<body><script type="text/javascript"> function setAttributeOnload(object, attribute, val) { if(window.addEventListener) { window.addEventListener('load', function(){ object[attribute] = val; }, false); } else { window.attachEvent('onload', function(){ object[attribute] = val; }); } } </script> <div id="navbar-iframe-container"></div> <script type="text/javascript" src="https://apis.google.com/js/plusone.js"></script> <script type="text/javascript"> gapi.load("gapi.iframes:gapi.iframes.style.bubble", function() { if (gapi.iframes && gapi.iframes.getContext) { gapi.iframes.getContext().openChild({ url: 'https://www.blogger.com/navbar.g?targetBlogID\x3d16531544\x26blogName\x3dHere+I+go+again...\x26publishMode\x3dPUBLISH_MODE_BLOGSPOT\x26navbarType\x3dTAN\x26layoutType\x3dCLASSIC\x26searchRoot\x3dhttp://ctcthoughts.blogspot.com/search\x26blogLocale\x3den_US\x26v\x3d2\x26homepageUrl\x3dhttp://ctcthoughts.blogspot.com/\x26vt\x3d4928925122649084192', where: document.getElementById("navbar-iframe-container"), id: "navbar-iframe" }); } }); </script>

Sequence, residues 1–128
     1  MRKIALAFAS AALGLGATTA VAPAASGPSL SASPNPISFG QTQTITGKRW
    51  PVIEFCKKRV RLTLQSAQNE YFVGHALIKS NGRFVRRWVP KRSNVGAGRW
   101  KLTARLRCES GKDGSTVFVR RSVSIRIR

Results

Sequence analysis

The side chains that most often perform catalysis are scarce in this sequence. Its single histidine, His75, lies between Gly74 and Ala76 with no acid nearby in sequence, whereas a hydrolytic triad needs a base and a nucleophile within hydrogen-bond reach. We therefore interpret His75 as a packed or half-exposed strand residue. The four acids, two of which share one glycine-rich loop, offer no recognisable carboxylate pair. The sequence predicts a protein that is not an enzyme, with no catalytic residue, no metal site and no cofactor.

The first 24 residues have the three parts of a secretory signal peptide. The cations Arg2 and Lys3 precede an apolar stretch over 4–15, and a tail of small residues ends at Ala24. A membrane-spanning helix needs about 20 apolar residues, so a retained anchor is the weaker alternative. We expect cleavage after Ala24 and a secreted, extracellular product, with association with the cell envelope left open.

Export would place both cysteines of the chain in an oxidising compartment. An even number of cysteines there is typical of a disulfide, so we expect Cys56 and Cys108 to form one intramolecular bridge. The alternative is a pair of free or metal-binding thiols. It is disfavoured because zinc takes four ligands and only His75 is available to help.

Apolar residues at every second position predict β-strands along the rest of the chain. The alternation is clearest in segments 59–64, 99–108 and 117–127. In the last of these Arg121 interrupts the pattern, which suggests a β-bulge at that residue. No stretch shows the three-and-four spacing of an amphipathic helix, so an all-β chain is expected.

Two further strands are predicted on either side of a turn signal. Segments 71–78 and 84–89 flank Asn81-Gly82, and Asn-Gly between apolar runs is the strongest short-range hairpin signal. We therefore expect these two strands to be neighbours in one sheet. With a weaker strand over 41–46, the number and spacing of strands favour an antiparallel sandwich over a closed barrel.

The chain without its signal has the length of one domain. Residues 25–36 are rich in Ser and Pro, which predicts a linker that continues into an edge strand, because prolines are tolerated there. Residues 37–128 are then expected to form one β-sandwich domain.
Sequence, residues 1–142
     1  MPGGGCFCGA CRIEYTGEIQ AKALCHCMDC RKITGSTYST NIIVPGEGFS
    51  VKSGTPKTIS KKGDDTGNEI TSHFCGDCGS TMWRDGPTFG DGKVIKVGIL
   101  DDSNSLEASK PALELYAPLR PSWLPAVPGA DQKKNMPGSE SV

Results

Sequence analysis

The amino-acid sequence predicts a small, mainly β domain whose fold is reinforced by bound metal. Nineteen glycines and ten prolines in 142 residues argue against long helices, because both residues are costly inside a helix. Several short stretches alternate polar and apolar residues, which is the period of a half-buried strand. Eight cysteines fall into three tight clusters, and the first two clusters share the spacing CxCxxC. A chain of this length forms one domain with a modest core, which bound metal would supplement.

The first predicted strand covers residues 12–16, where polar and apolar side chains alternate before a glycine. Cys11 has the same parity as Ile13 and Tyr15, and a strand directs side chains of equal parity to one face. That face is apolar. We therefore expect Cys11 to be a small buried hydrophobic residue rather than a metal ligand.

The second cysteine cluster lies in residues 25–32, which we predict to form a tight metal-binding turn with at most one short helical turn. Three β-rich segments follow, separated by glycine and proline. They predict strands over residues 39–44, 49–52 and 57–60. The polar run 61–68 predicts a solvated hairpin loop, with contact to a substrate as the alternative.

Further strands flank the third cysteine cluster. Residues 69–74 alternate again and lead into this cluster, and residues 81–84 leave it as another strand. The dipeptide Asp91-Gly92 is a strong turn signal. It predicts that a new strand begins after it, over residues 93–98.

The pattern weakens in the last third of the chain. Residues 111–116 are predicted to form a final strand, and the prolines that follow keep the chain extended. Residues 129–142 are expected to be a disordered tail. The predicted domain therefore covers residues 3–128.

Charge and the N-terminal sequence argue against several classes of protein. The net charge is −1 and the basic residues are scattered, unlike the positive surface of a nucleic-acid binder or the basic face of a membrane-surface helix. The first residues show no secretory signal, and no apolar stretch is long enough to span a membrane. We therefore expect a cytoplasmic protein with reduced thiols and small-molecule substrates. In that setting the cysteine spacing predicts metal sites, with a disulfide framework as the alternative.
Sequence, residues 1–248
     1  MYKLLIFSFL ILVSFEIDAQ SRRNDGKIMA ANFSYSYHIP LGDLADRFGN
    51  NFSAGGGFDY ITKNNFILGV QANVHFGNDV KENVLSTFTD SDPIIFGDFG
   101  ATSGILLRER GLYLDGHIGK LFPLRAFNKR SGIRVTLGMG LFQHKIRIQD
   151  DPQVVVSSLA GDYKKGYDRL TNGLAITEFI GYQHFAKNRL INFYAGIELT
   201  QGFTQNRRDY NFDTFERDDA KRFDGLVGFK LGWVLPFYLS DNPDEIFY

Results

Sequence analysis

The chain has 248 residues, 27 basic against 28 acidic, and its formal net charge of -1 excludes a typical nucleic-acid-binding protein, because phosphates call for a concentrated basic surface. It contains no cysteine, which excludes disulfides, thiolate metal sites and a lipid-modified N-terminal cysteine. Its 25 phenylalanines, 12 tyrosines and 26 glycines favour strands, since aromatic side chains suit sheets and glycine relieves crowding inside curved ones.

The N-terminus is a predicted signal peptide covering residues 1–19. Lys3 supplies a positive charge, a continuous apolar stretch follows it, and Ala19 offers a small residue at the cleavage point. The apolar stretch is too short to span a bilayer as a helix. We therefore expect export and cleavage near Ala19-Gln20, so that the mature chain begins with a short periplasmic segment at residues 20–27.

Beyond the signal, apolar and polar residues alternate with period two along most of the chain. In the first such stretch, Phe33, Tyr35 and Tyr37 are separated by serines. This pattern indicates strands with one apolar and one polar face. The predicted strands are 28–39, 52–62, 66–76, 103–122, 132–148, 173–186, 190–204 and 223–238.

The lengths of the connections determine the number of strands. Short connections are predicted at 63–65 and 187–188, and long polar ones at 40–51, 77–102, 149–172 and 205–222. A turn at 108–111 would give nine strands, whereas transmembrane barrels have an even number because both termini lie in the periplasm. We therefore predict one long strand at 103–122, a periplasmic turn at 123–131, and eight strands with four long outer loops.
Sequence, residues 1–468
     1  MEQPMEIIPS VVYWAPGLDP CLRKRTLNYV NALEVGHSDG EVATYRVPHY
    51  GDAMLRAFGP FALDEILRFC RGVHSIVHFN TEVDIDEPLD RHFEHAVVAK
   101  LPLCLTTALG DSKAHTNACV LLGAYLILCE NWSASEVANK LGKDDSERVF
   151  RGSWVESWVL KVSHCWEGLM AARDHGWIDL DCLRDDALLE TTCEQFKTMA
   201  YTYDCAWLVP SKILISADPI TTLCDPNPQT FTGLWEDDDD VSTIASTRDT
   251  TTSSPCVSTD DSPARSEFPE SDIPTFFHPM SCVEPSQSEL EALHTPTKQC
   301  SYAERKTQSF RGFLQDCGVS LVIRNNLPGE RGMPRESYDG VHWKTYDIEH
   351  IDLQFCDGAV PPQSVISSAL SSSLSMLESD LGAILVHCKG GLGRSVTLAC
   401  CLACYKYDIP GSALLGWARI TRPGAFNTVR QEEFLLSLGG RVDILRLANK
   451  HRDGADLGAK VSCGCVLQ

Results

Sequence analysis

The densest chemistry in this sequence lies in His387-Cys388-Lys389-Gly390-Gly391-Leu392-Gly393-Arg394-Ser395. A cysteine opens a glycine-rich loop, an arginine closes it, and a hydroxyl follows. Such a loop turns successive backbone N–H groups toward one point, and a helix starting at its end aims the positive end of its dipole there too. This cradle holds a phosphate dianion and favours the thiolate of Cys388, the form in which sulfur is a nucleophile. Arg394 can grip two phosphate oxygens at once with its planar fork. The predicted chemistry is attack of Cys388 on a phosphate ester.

It's all about her...

Monday, October 02, 2006